Cape Town’s Shark Spotters have seen 53 sharks so far this summer, a slightly lower number compared to the same stage of the season in previous years.
However, despite shark sightings falling by 35 percent at False Bay beaches between the summer of 2014 and the summer of 2015, Shark Spotters research manager Alison Kock is not concerned as sightings have started to pick up again in the past month.
“It was very slow in September and October, but were are starting to see more sharks. On Sunday (December 18), there were four different sightings at three different False Bay beaches,” Ms Kock said.
In May this year, the City revealed there had been 92 sightings in the summer of 2015 compared with 142 the previous summer.
“The sharks’ presence is all related to the environment. Water temperature is a driver of marine species, and, of course, there are factors such as availability of fish and prey. It’s not unusual for their numbers to fluctuate,” Ms Kock said.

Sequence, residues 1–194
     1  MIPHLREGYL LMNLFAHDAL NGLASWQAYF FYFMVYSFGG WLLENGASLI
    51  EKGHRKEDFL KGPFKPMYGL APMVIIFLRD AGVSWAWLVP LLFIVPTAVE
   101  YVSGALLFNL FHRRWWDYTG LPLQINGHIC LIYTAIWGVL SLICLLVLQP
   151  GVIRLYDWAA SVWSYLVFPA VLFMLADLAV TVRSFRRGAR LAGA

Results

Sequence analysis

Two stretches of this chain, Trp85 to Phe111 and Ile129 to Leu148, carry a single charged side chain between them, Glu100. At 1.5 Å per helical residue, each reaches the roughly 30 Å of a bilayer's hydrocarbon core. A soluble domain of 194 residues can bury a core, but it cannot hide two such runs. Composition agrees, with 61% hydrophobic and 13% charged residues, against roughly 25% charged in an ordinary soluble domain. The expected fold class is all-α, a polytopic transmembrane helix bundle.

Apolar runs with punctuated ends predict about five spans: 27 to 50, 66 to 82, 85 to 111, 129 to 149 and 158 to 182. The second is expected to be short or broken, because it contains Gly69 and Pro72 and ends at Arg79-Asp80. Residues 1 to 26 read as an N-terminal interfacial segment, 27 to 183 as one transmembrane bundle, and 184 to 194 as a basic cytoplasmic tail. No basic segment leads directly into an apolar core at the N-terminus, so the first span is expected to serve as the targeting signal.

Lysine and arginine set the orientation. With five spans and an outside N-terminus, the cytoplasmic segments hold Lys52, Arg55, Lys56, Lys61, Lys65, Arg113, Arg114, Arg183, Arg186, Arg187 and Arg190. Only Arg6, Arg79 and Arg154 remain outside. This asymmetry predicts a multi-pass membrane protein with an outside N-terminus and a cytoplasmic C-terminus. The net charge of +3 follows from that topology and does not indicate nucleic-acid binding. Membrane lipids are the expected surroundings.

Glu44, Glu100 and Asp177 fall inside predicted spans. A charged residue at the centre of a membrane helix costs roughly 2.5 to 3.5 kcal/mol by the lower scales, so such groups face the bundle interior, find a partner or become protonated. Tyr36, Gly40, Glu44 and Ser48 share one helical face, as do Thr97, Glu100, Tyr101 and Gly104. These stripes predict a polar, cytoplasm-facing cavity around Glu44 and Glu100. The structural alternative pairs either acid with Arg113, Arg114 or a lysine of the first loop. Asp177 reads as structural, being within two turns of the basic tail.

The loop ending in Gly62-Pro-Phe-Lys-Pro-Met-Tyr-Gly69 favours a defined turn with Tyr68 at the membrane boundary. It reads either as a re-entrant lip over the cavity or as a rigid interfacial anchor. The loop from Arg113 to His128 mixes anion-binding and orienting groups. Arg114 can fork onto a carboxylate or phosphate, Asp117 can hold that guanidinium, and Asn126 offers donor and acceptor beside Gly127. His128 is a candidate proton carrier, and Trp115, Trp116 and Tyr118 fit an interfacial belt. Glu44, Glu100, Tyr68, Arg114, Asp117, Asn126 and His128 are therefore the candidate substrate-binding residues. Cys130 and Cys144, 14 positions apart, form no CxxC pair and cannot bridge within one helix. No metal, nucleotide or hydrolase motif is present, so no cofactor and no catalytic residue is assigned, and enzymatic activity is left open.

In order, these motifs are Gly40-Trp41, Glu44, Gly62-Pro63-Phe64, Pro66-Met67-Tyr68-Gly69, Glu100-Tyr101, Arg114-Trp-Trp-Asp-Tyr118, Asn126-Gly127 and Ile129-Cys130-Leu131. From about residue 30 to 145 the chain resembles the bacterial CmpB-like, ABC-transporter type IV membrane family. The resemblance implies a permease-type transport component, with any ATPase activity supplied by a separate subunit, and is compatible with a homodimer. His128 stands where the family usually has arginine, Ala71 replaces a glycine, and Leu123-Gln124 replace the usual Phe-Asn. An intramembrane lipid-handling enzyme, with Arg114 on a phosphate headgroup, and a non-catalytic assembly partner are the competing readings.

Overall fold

Earlier this year, Sara Andreotti, of the evolutionary genomics group at Stellenbosch University’s department of botany and zoology, released the results of a study, which suggested that there are only between 353 and 522 individual great white sharks left in South African seas.
Her research, published in the journal, Marine Ecology Progress Series, was shared around the world.
However, Shark Spotters has questioned the findings, saying the methodology used might not have given an accurate reflection of the situation.
“One of the assumptions made in the recent study is that the Gansbaai aggregation site represents the entire South African white shark population.
“However, we are not convinced that this is true. Overwhelming scientific evidence shows that white sharks are separated by size and sex during part of their lives and that not all white sharks visit Gansbaai. It is therefore possible that the recent estimate underestimates the total population size,” the group said in a statement.
Ms Kock said Shark Spotters had also submitted a formal comment to the Marine Ecology Progress Series, which was awaiting publication.